This workshop will contribute to a growing counter-commentary that reckons with ‘outmoded’ motifs in the built landscapes of East and Central Europe. Socialist building projects are too often savored as ruins and filed away as elegies to utopian chimeras. Signatures of moved and dispersed populations in the topography of these regions are often memorialized in a discourse of nostalgia forecloses on the future. Are there other stories to tell about buildings and spaces that have outlived their original ideological assignments? Can we swap out a forensic account of obsolescence for a discussion of how these environments were lived in and made use of? What options exist today for repurposing, preserving and re-inhabiting these time-stamped sites: how can we accommodate their particularities, and how can they once again accommodate us?
Throughout two days of conversations, we will reflect on these questions and voice some strategies for enlivening and caring for the heterogeneous landscapes of today’s East and Central Europe.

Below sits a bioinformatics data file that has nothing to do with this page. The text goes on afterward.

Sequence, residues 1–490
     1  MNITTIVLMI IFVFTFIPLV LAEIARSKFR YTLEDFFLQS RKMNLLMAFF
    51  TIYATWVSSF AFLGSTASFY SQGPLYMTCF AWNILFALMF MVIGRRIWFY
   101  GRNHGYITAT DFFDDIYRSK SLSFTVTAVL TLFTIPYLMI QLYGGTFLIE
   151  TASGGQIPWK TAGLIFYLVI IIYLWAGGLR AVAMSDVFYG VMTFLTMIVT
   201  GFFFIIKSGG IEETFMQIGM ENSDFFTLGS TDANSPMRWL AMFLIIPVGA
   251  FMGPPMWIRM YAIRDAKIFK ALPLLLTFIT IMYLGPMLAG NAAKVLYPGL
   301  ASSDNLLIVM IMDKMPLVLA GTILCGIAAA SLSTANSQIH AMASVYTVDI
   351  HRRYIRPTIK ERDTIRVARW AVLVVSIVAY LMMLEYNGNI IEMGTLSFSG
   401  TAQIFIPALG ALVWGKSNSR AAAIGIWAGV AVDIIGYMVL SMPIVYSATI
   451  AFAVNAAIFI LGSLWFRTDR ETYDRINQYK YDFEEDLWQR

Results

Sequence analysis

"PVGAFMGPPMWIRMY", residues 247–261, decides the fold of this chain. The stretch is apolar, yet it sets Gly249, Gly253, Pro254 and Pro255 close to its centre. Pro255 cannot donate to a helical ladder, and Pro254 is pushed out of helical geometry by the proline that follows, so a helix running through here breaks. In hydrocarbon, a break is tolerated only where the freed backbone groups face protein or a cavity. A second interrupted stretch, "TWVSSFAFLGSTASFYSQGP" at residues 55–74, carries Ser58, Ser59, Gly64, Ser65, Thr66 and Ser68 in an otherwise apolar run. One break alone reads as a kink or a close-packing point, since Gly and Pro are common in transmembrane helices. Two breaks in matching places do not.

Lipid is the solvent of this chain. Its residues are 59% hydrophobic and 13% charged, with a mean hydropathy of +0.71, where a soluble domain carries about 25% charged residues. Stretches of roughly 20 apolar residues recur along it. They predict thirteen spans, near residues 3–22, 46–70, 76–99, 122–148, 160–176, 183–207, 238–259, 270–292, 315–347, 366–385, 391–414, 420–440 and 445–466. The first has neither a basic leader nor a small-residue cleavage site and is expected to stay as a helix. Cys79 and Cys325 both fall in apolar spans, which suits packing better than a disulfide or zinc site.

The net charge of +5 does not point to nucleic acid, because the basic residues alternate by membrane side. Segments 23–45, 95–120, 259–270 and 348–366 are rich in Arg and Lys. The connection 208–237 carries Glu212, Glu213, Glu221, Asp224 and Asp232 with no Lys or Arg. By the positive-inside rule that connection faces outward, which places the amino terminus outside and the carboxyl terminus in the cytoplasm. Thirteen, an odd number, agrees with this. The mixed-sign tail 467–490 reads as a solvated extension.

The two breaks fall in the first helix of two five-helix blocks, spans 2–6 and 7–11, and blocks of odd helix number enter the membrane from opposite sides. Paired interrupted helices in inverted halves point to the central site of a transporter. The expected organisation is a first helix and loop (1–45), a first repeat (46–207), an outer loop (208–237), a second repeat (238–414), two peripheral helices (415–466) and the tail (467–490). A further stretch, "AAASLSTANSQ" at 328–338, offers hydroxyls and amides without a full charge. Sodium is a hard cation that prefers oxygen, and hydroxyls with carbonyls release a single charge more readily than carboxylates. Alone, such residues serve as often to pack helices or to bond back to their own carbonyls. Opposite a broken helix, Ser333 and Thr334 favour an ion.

Friday, Oct. 23: International Affairs Building 1512 (5:30 – 8:00 pm)
Saturday, Oct. 24: Heyman Center for the Humanities Common Room (9:30am – 6:30 pm) – ID required for entry.
Participants: Tarik Amar, Columbia University; Jana Berankova, Columbia University; David Crowley, Royal College of Art; Sofia Dyak, Lviv Center for Urban History; Eagle Glassheim, University of British Columbia; Juliet Koss, Scripps College; Vladimir Kulic, Florida Atlantic University; Erica Lehrer, Concordia University; Adam Mazur, University of the Arts in Poznan; Malgorzata Mazurek, Columbia University; Michael Meng, Clemson University; Markian Prokopovych, Institute for East European History, University of Vienna; Eliza Rose, Columbia University; Lukasz Stanek, University of Manchester; Andrzej Szczerski, Jagiellonian University; Alan Timberlake, Columbia University; Srdjan Jovanovic Weiss, Columbia University.
Organizers: Malgorzata Mazurek (Professor of Polish Studies); Alan Timberlake (Director of East Central European Center); Eliza Rose (PhD Student in Slavic Languages).
This event is sponsored by the East Central European Center at Columbia University. It is part of the Campus Project organized by Culture.pl.